Financial markets play a crucial role as either drivers or obstacles in undertaking development-friendly, environmentally and socially sustainable business activities and thereby contribute to or undermine Policy Coherence for Development.
It is not only important for sustainable business models to take into consideration the value chains of the productive firms, but also their financial models and financial stakeholders – how the costs and benefits of supply, production and distribution are divided across the whole business model among actors involved, and how they internalise the firm's environmental and societal externalities.
The financial markets and the way they are regulated play a crucial role when building an environmentally and socially sustainable market behaviour.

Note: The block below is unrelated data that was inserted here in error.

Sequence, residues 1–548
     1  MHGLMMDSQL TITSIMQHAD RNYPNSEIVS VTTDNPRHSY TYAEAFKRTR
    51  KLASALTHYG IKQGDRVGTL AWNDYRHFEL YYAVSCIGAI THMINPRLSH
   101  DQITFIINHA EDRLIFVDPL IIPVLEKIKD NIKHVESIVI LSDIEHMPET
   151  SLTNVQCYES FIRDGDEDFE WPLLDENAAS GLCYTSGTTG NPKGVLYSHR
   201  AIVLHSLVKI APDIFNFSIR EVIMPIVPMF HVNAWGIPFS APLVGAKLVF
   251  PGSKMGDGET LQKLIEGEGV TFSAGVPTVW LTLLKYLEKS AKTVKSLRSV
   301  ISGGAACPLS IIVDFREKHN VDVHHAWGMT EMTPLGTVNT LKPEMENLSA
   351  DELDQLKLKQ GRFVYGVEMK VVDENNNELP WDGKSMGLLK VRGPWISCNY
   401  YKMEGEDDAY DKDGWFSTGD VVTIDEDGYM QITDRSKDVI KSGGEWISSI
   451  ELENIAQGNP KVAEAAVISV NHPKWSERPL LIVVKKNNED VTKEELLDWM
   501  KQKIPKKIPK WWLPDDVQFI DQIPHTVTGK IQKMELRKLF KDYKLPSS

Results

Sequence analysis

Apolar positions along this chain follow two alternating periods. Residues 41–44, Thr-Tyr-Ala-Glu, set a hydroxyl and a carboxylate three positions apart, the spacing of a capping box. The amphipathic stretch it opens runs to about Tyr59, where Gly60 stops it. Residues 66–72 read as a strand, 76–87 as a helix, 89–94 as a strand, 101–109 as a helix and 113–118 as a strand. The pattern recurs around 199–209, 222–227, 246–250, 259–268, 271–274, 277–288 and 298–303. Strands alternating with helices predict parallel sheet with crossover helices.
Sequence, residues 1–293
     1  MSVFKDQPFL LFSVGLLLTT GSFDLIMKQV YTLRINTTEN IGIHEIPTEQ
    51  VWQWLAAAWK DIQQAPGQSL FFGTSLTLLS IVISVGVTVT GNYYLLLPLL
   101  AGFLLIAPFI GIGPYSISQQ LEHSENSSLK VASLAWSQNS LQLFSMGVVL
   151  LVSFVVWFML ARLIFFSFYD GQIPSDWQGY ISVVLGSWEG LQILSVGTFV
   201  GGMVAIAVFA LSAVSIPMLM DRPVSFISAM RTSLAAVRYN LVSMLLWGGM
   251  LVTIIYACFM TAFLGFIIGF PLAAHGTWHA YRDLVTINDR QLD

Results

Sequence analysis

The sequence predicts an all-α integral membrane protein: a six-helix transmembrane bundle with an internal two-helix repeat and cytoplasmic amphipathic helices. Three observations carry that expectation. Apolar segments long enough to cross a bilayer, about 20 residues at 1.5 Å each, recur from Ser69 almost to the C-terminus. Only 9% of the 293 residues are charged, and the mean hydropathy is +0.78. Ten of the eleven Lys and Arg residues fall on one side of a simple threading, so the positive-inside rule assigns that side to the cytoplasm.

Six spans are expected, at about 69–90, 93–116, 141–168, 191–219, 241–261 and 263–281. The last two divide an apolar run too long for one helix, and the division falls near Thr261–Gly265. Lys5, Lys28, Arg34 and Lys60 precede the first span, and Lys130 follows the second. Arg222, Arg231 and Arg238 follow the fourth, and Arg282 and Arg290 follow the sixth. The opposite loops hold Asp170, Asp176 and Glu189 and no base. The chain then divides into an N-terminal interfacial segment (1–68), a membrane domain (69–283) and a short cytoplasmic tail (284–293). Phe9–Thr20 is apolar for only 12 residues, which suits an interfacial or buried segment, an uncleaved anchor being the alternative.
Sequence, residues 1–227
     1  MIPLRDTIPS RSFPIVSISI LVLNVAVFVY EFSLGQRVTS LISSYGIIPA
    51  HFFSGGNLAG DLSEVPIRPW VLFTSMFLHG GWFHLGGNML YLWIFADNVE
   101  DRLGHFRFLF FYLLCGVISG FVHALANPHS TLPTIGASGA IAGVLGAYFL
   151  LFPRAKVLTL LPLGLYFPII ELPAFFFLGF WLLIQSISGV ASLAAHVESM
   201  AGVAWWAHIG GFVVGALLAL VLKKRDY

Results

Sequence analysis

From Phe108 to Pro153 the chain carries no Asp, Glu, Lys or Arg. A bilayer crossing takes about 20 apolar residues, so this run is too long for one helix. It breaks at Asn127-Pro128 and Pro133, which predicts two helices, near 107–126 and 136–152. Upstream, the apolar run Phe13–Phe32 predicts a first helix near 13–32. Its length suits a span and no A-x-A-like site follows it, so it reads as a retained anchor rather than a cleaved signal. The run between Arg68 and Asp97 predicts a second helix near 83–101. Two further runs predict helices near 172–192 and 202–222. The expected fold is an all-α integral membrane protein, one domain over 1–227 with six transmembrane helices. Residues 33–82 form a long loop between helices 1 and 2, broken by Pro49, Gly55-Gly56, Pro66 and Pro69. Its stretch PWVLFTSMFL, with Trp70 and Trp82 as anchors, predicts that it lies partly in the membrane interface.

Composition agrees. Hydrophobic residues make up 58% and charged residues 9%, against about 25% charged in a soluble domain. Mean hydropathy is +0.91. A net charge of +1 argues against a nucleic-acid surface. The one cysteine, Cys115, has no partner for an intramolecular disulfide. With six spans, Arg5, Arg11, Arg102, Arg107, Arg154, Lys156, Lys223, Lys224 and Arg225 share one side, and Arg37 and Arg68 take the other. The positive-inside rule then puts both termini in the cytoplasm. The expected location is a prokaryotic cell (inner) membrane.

The nature of equity financing – being it public as with state-owned enterprises and national and sovereign wealth funds, hybrid or private – influences the behaviour of firms alongside stock exchanges. Sovereign wealth funds, such as the Norwegian Government Pension Fund, control an increasing part of the world's financial assets and their investment profiles, which may be guided by ethical guidelines, have huge implications for sustainability locally and globally.
Banking models and especially executive compensation at financial institutions have influenced the short-termism inherent in current banking business models. This has enhanced shareholder primacy models in the productive firms, as well as their capital structure and incentive mechanisms. Whilst global capital and liquidity standards have seen reforms over the last few years, significant concerns remain about the stability of the banking system – especially in the Eurozone in which state guarantees remain indispensable to financial stability.